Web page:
Bishop, conference working with UM Village to repair relationships, build trust
By Paul Black
LAWRENCEVILLE – Bishop Frank J. Beard and conference officials are working with the administration and board at the United Methodist Village in Lawrenceville following a summer of financial stress triggered by the state’s delay in reimbursements of Medicaid payments for residents at the main and North campuses.
Beard held two listening sessions in Lawrenceville Aug. 23 which was also attended by IGRC Coordinator of Missions and Outreach Bunny Wolfe. IGRC Director of Administrative Services Mike Potts recommended a consultant from Atlanta, Ga., that has worked with other agencies within the United Methodist Association of health and welfare agencies.
“The purpose of my visit was to first and foremost, to listen,” Beard said to the capacity crowds that packed the meeting rooms. “To convey to you my concern and to be a conduit between you and the Board of Directors. To share what we are doing as a Board to move forward in addressing our current situation. To work with the Board, to not only solve our current problems but to make wise plans to move ahead into a brighter future.”
During the two sessions, major issues that were addressed and discussed were:
- Insurance and payroll concerns from staff
- Lack of transparency regarding Board members, meeting dates and access to meetings
- Clarity concerning who serves on the Board and how they are selected
- Questions about hiring and retention of the UMV’s attorney.
- Relationship of UMV to the Conference along with the Conference’s financial responsibility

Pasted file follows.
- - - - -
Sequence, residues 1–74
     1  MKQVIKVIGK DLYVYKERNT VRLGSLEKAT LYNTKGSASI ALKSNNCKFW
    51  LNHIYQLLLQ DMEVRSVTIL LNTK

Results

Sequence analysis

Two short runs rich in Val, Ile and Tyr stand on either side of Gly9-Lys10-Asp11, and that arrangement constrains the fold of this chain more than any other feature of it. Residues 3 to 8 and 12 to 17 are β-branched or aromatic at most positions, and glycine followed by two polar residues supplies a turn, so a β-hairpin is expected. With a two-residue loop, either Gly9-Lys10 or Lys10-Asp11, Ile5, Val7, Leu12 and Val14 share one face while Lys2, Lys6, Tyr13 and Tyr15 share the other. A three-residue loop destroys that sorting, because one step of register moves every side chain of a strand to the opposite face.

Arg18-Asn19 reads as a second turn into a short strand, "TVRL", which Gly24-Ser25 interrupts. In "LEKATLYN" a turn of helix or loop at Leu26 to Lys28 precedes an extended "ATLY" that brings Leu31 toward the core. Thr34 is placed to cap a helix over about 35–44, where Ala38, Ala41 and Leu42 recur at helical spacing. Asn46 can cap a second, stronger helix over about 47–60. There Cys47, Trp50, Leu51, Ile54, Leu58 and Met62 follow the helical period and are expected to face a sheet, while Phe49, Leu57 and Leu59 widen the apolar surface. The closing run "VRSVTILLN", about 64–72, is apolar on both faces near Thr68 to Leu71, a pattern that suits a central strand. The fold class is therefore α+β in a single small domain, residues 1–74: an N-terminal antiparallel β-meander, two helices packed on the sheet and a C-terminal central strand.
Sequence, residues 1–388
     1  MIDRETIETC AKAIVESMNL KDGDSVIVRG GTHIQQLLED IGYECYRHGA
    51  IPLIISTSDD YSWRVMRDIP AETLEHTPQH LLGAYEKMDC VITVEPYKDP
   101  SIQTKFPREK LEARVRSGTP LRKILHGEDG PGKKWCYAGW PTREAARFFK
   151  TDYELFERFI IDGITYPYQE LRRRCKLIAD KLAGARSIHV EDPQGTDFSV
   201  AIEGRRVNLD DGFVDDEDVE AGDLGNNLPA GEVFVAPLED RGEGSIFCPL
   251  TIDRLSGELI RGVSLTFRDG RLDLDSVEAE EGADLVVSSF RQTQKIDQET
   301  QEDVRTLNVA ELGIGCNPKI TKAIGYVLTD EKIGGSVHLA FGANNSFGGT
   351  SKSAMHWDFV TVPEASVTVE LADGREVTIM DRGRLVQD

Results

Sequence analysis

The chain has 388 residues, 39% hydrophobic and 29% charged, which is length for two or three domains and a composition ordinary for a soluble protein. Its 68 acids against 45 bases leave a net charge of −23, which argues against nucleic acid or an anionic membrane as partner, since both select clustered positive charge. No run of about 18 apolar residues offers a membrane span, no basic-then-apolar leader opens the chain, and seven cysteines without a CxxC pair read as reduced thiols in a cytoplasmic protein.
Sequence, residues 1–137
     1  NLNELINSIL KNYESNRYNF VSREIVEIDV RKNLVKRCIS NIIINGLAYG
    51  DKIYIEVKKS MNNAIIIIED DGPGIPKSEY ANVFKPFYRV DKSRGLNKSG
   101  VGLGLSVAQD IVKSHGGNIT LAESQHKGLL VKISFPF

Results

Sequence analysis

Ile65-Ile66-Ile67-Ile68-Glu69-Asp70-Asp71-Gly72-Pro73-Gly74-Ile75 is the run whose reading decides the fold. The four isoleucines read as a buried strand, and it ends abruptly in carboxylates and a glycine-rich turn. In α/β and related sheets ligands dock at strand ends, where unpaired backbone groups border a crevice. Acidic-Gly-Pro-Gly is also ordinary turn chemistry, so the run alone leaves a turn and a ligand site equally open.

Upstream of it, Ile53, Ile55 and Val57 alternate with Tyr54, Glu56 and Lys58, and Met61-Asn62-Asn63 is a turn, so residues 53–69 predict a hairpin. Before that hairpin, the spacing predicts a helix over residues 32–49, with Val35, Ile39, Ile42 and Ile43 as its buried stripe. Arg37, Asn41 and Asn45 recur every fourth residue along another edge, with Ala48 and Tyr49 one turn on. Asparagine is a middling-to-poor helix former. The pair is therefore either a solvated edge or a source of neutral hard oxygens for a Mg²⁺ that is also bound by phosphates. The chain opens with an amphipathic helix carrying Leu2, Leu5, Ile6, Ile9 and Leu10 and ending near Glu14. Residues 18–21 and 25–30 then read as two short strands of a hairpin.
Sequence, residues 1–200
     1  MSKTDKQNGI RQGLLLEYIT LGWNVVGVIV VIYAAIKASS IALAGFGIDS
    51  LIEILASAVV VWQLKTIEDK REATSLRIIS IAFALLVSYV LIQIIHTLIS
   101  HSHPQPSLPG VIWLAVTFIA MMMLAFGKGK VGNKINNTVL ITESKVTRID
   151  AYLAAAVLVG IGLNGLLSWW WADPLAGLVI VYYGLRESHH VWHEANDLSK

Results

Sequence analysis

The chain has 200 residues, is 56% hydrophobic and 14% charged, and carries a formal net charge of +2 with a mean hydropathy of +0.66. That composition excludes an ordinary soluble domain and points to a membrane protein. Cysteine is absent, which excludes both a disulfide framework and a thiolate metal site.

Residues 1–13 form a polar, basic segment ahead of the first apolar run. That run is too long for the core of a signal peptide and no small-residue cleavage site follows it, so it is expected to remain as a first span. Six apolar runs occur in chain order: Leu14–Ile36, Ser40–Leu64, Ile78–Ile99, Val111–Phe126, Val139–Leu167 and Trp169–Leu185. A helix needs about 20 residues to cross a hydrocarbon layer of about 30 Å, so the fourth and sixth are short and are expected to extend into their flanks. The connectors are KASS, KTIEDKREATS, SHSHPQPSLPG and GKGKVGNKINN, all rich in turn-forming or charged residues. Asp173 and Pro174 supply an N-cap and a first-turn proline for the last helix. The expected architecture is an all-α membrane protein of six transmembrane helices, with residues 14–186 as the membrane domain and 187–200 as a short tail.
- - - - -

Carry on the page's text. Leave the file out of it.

A cash flow situation occurred in late June in which several employees’ paychecks bounced. While the incident occurred in June, the financial stress had been ongoing as donations to the UMV had covered operating expenses in the past.
In mid-July, a $56,000 unpaid water bill precipitated a threat from the City of Lawrenceville that water service would be shut off. Payment was made later that day.
In late July, an investigation by the Illinois Department of Public Health in response to complaints revealed that in order to bridge cash flow problems, $17,000 had been moved from patient trust fund accounts in order to pay bills beginning in October 2017. A state inspector interviewed staff members and looked at financial records.
The Illinois Department of Public Health says these are violations of state code. In response, the facility submitted a plan of correction and was fined $25,000 by the IDPH. All patient monies have been repaid as part of the plan of correction.
The updates to the original report show the facility is in full compliance and no further action was warranted.
On Aug. 14, a letter was issued to residents. The letter says in part, “To address shortfalls, our senior leadership is laser-focused on timely billings, reductions in expenses that can be made without compromising the quality of care we provide at UMV, and management of salaries and payments to our vendors."
In the release. the board of directors point to a rise in Medicaid rates as good news for the company. The village also points to retiring baby boomers as potential growth for the company and that UMV is searching for a director of finance to "assist in perfecting our system and managing our resources."
The last paragraph addresses the community regarding communication.
"We feel that we have failed by not keeping you and the community informed by the issues we face,” the Board wrote. “As a result, we will begin a series of meetings, newsletters, and social media updates with employees, residents, their families, and our friends in the community."
Bishop Beard’s visit was the first in that series of meetings.
Beard explained that the UMV and the conference are separate financial entities that have a covenant relationship. Churches and the conference may help through prayer and contributions and the UMV has an IGRC Advance Special Number (#0047) and one of 10 agencies that are recipients of the annual Golden Cross Sunday offering. The relationship of the conference to UMW is not one of ownership, operation or control.
The UMV Board is not elected by the annual conference session but those members are reported to the session annually. All board members are elected to a maximum of two three-year terms.